How about that; who in his right mind ever would’ve predicted that for all the parity and competition in the league this year, only one series of eight would go to a third game? Not only that, but there was only one upset in the first two rounds as well, when Quinnipiac upended Cornell at Lynah last weekend. I’ll tell ya — and I’m sure I don’t have to — it’s been a strange, strange year in the ECACHL.
The nation’s second-oldest league can place as many as three teams in the NCAA tournament this year, but as of this moment aren’t guaranteed more than the one. Quinnipiac must win the league title to qualify for the Quest for St. Louis, while Dartmouth is a bubble team that can still make the national tourney without necessarily winning the league. You can get a much more coherent and comprehensive rundown on Jayson Moy’s commendable Bracketology column.
No matter the result of the weekend’s games, we will have a new winner from those of the last five years, as Cornell and Harvard have each bowed out and are full-on into golf season. In fact, it’s the first time since 1999 that neither of the pair has made the semifinals.
St. Lawrence was the previous champion in 2001, and is a six-time tourney titleholder. Clarkson last won the ECACHL tournament in 1999, its fourth. Quinnipiac is seeking its first trophy of the kind in only its second season in the league, while Dartmouth is desperate to beat the Bobcats to it, having yet to win one of its own in 46 years of league membership.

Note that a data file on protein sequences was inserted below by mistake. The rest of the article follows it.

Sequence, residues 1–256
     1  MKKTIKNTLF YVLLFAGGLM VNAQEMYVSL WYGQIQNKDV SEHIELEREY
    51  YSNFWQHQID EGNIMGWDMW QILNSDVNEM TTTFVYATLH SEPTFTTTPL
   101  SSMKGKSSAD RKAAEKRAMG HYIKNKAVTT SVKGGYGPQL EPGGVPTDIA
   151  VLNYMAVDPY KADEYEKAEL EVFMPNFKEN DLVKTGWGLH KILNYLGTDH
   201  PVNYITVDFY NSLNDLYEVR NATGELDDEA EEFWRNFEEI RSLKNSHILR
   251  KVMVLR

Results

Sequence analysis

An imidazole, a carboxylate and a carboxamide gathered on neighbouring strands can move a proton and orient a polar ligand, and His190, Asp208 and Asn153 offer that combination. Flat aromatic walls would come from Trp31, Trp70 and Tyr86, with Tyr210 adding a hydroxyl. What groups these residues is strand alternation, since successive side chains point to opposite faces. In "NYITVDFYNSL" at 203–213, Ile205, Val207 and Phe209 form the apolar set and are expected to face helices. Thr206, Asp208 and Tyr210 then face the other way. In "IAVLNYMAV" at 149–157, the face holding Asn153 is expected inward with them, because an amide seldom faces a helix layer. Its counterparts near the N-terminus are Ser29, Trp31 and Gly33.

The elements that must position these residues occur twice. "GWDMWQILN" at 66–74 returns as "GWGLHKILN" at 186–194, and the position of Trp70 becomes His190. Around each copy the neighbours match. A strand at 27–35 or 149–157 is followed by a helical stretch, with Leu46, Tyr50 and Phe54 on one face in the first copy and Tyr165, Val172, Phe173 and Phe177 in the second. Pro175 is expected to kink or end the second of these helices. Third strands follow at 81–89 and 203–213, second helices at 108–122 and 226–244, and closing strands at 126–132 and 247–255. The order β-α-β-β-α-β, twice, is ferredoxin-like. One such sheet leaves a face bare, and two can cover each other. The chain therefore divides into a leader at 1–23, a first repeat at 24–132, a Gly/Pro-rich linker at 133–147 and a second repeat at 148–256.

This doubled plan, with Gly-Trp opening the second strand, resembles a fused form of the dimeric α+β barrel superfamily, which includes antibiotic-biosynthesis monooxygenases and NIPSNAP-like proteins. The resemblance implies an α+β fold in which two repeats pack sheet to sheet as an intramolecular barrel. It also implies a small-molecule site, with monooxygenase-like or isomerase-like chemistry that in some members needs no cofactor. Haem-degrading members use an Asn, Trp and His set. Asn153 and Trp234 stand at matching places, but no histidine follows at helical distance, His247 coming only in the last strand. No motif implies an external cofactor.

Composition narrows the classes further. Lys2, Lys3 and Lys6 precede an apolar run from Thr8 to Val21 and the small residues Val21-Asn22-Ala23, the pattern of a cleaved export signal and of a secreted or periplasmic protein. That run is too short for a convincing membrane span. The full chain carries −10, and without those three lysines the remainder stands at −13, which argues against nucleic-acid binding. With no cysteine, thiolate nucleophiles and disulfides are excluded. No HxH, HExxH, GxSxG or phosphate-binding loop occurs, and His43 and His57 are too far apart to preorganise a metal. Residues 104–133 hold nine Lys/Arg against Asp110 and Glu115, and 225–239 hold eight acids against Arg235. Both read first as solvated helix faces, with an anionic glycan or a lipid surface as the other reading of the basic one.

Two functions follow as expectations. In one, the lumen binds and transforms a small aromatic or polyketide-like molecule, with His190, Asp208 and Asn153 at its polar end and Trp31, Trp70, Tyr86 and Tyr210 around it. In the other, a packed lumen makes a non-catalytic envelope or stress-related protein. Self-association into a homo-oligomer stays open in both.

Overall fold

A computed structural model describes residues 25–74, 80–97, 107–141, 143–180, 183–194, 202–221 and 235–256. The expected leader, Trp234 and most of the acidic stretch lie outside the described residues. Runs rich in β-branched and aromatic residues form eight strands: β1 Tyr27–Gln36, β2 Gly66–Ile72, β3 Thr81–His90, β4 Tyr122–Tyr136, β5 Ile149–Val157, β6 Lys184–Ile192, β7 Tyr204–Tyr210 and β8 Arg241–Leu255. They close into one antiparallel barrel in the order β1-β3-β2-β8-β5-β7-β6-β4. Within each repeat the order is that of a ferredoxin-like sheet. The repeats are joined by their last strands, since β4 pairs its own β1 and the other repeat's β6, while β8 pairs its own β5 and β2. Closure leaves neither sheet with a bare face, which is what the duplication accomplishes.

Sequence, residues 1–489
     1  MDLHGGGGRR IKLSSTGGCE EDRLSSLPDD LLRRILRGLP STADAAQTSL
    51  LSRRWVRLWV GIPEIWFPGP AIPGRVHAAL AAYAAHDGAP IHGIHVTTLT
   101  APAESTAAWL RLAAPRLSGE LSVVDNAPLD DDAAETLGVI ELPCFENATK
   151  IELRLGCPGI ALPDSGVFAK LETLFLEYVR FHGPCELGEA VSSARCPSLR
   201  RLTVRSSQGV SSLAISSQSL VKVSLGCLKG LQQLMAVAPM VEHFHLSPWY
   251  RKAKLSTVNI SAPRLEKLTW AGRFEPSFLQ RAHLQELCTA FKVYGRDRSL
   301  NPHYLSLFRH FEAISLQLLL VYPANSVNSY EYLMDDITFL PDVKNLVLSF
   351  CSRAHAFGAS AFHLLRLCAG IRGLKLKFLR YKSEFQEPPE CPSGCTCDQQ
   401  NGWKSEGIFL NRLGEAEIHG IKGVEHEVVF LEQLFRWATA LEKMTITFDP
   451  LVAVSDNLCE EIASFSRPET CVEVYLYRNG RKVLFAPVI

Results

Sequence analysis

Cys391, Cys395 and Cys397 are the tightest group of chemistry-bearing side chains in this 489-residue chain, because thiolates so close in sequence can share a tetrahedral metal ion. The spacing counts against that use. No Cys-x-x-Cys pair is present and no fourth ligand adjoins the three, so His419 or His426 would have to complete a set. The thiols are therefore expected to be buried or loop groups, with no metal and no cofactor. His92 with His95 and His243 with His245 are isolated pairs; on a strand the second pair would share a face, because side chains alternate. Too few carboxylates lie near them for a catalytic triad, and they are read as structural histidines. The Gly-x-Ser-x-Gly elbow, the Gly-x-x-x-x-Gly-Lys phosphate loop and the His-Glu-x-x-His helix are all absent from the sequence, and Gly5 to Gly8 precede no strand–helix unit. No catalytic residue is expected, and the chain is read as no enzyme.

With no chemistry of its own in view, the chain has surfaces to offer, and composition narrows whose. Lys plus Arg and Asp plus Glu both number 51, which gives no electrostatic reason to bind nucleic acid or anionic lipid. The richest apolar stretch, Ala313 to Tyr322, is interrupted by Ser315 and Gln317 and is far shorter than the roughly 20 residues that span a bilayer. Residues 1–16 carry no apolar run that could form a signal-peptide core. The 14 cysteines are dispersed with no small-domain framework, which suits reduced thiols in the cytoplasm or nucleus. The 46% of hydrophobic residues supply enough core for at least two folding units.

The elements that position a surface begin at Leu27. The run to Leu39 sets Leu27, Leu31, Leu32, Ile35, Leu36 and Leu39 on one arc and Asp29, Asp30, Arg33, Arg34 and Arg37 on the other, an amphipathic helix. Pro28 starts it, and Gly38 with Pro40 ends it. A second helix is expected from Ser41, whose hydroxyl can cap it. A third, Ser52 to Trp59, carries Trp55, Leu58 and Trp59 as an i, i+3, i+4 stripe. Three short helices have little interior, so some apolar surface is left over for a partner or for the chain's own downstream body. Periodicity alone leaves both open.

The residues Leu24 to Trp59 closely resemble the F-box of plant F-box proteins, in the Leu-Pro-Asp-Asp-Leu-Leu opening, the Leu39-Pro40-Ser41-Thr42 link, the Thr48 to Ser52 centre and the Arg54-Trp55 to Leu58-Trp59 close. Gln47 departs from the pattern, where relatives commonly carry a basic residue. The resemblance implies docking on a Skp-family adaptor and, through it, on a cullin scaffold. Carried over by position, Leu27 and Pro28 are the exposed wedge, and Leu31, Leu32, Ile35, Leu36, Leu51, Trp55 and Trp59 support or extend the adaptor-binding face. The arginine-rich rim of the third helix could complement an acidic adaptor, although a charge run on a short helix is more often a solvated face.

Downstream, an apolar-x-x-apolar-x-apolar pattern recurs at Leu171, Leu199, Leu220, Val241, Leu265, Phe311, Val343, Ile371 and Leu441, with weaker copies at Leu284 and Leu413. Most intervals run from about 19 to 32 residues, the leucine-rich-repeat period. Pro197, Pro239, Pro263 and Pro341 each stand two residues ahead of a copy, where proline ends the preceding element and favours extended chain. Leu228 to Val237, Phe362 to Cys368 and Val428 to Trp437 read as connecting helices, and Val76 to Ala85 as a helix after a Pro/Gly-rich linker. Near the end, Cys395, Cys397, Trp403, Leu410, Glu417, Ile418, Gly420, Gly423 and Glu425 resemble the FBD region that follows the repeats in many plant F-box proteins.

The Game’s Afoot
As with every game, there are myriad variables at work here. But in such an intense environment as the tournament’s final four, many of them are under a lot more scrutiny than usual. What can account for a team winning or losing a single game?
The time-tested wisdom holds that a hot goalie and special teams functioning with Teutonic precision are integral to winning in the playoffs … and who am I to argue with wisdom? But frequently — if not often, even — the cause celebre of postseason results comes from a pool of other sources.
Key injuries can rip the heart right out of a team. Ask Colgate; Mark Dekanich was more than just a stalwart goaltender this season. Cornell captain Byron Bitz didn’t play the second and final game of the quarterfinals against Quinnipiac, and the Red suffered a horrifying sweep at the hands of the league newcomers.